Brexit series: ‘This country has always welcomed people’ - a European perspective on Brexit

Anna Colivicchi is an apprentice journalist at the Lancashire Post who moved to the UK at the end of 2016. In the first part of our Brexit series she talks about what it means to be a EU citizen living and working here.

Tuesday, 28th January 2020, 5:00 pm
The Prime Minister Boris Johnson signing the official European Union (Withdrawal Agreement) Act 2020, inside No10 Downing Street. Credit: Crown Copyright

When I was fifteen, my dad insisted I needed to learn how to speak English.

His mother taught English at a local high school - she even studied at the University of Oxford for a few months in 1956 - and my dad travelled to the UK many times as a young man.

He thought it “impossible to have a decent job if you don’t speak good English.”

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So, in the summer, instead of hanging out with my school friends and going to the beach in Rome, I was shipped off to ‘sunny’ Kent for a two-week-long language course.

My first memory of the UK is a small room with a bunk bed in what was - as I learnt later on - a boarding school for boys, in Tonbridge.

On the first night I cried myself to sleep, after calling my dad to say how horrible that place was and that I couldn’t possibly stay there for two whole weeks.

Two weeks later, I was crying again - I didn’t want to go back home and leave my international friends, my small bedroom that I learnt to love, golden hash browns for breakfast, and the UK, which suddenly seemed the best place on earth and the only country I could imagine myself living in.

I became obsessed with everything British, from music, to art and history. I took extra language classes to make sure my English was good enough to live there one day, and I even hung a Union flag on my bedroom wall at home in Rome.

For some time, I was also convinced I could lose my Italian accent completely, but that is yet to happen.

When the UK headed to the polls to vote for Brexit in 2016, I was packing my bags to move to Coventry and study at the University of Warwick.

To those who asked me what I thought, and if the UK was actually going to vote to leave the EU, I said I couldn’t imagine it happening; when the result was announced, I was shocked and heartbroken.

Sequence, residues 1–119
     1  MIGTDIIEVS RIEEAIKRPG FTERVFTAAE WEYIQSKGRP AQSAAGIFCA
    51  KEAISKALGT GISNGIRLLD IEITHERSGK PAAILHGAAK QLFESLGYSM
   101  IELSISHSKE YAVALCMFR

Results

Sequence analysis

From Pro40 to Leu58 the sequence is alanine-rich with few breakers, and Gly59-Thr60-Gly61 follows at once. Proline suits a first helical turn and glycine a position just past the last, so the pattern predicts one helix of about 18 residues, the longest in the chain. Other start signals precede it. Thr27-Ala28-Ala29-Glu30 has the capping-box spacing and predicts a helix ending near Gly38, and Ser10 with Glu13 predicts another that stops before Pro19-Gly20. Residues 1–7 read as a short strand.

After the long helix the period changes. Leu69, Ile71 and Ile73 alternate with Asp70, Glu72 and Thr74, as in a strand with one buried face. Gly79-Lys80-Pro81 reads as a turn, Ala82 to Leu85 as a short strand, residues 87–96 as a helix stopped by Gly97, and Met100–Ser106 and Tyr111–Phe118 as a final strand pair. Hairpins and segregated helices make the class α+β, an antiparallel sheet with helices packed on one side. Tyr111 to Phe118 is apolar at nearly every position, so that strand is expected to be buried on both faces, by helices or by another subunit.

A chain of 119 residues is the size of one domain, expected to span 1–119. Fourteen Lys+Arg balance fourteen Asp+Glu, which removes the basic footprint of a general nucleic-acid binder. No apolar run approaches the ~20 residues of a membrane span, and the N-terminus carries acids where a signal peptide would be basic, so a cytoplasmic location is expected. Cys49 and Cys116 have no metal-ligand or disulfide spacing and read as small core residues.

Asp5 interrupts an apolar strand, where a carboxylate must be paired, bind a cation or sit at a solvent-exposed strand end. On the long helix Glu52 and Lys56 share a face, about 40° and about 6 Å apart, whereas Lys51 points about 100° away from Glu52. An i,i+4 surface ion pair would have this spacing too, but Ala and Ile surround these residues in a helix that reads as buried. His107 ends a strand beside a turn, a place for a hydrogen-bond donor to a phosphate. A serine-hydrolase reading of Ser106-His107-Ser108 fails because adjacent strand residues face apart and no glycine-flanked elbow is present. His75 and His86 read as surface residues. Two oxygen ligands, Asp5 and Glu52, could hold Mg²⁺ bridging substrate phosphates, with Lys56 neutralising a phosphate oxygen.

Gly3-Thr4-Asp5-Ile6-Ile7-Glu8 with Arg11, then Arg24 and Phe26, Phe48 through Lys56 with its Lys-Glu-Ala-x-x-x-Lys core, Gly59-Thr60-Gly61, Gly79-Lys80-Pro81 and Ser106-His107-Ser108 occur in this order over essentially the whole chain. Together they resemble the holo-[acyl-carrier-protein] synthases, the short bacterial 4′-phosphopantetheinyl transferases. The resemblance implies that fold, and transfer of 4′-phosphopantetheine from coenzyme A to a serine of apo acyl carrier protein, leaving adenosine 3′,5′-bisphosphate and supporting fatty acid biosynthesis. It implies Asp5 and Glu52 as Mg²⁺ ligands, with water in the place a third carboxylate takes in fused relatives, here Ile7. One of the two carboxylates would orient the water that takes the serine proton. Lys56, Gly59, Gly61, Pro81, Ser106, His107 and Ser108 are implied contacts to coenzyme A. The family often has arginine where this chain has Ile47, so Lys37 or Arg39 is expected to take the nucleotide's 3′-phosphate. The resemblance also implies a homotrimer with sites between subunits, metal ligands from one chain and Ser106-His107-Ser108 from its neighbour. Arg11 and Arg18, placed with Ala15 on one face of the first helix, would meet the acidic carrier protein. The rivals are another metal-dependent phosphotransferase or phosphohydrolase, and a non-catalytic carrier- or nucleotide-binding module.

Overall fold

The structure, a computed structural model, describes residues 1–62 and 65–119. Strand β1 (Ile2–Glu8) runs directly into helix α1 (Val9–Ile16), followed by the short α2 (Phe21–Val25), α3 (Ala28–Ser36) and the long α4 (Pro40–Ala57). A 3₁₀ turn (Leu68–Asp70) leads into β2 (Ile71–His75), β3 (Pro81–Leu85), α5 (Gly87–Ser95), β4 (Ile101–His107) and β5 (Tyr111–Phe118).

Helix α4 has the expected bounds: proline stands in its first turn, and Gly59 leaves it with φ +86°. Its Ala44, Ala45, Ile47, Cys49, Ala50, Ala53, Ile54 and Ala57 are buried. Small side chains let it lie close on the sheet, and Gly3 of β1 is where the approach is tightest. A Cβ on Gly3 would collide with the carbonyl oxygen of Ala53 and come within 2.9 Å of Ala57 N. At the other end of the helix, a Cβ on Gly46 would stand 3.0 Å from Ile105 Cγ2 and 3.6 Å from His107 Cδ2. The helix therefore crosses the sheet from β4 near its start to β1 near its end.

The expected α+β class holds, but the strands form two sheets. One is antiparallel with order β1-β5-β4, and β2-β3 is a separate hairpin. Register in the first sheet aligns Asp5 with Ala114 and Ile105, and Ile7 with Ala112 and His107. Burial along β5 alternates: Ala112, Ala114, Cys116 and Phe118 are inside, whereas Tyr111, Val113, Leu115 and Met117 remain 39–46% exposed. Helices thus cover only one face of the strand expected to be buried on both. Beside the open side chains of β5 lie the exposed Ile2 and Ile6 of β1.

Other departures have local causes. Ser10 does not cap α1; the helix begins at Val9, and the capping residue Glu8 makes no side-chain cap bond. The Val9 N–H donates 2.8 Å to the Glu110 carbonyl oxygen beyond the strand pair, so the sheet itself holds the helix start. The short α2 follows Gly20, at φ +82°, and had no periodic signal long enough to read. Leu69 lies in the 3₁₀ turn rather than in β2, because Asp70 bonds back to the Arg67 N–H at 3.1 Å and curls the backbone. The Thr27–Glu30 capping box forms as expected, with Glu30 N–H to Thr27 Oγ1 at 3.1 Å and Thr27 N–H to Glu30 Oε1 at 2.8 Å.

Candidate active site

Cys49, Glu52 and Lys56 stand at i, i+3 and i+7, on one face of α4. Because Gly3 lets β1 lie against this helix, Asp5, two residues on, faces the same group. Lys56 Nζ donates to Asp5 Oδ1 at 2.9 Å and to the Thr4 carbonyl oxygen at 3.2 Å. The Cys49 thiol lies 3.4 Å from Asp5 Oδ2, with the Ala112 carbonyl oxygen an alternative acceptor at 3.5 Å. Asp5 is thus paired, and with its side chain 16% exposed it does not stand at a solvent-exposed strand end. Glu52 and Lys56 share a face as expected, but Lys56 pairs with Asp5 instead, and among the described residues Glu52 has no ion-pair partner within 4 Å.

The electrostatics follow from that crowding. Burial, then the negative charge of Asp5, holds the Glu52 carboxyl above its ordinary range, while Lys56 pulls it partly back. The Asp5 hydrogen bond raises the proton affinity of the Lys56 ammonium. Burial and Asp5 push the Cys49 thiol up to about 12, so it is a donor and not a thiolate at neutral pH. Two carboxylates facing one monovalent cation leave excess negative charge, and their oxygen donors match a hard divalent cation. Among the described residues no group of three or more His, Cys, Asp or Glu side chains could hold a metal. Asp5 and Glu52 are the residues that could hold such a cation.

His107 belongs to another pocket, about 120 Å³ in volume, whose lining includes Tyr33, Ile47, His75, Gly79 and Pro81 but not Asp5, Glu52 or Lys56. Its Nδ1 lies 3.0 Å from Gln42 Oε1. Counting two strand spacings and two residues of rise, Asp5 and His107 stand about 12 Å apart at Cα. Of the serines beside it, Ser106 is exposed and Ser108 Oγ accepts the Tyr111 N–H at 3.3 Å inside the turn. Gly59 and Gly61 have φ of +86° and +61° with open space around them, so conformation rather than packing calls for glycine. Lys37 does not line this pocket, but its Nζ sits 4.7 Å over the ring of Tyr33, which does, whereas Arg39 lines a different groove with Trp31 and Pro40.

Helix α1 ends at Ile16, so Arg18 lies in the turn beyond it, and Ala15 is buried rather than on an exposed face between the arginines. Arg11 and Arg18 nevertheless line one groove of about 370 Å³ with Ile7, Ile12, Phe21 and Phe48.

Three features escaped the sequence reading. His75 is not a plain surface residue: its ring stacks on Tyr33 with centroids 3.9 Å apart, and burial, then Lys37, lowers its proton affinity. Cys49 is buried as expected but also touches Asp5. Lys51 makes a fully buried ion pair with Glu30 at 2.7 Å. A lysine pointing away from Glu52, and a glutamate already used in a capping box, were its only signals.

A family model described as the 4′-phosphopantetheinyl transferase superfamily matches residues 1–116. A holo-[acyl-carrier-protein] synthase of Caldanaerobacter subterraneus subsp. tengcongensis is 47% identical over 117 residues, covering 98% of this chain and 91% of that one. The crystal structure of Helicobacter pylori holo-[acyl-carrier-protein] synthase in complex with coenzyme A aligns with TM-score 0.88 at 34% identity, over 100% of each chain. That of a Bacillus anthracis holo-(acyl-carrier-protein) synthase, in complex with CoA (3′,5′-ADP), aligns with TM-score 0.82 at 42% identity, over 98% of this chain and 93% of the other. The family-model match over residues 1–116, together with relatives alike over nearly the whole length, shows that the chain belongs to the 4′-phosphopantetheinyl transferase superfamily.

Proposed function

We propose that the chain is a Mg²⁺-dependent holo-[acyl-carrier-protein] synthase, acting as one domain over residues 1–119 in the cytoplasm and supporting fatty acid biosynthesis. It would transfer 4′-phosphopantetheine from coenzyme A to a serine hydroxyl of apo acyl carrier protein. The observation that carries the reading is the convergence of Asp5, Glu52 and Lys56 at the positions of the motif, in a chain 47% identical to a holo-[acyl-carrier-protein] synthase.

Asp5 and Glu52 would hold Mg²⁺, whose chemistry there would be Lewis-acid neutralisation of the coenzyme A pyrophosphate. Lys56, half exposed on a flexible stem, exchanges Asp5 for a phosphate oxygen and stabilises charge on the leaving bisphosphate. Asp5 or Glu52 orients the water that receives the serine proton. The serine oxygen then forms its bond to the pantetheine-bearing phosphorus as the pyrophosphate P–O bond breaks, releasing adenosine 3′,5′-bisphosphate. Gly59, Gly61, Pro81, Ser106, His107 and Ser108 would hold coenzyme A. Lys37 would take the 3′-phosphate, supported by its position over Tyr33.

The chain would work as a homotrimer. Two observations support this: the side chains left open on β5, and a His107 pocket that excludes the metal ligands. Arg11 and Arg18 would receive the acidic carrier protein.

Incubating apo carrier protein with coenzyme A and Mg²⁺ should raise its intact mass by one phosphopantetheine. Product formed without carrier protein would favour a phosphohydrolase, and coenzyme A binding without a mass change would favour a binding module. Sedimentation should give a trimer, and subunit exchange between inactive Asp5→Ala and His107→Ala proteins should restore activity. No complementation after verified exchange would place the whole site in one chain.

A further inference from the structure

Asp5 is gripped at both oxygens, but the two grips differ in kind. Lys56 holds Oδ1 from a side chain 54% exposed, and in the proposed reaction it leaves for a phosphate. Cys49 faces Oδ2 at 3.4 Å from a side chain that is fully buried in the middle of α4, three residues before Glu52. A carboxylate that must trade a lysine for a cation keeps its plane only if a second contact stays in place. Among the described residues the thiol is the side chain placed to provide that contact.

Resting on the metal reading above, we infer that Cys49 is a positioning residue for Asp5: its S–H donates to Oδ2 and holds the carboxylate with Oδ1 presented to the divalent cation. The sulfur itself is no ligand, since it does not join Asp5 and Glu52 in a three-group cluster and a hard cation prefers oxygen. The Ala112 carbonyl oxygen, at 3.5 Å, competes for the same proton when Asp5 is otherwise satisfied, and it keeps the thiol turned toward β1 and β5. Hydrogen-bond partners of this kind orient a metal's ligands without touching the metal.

At university, my British friends who voted to remain kept apologising - most of them were angry and upset, because “their future had been taken away from them.”

An English professor who taught me German literature also apologised during one of his lectures saying “I am so sorry but I don’t know what is wrong with this country anymore,” and he looked more frustrated than any European in the room.

My dad, who saw the UK as a country without flaws, said he “couldn’t believe British people are making such fools of themselves with this whole Brexit madness.”

To this date, I hardly met any people who confessed they voted to leave.

Did I actually never bump into any ‘Brexiteers’ or were they ashamed to admit it to my face because I’m European? I will never know.

On Friday, after three and a half years of negotiations, the UK finally leaves the European Union and the future of 3,5 million Europeans who, like me, live and work here, is still uncertain.

Will I need a working visa to keep doing the job I’m doing right now? Will my parents need a tourist visa to come visit me from Italy? Will I be penalised in the future because I don’t have a British citizenship? I have been bombarded - like every European living in this country - with similar questions since 2016.

Hopefully, we will get clear answers to all of our doubts once the UK finally departs from the EU.

It is certain though that this country has been a land of opportunities for many of us EU citizens.

It was somewhere we felt at home, where we found like-minded people, jobs that made us feel passionate and that we couldn’t even dream to do in our own country, and a multiculturality you will struggle to find anywhere else in Europe.

Every time I go back to Italy, I feel like a totally different person from who I was when I left, because of all the experiences and challenges that this country has created for me.

At that boarding school in Tonbridge, and at university later, I made long-lasting friendships with people from all over the world - even from Mongolia.

When I go down from Preston to London, I’m still taken by surprise by how frequently I hear people speaking Italian.

I believe that, without this multicultural power, the UK would not be the country it is now.

I think that even those who voted to leave understand this and value the importance of living in a country which has always welcomed whoever wished to contribute to its society.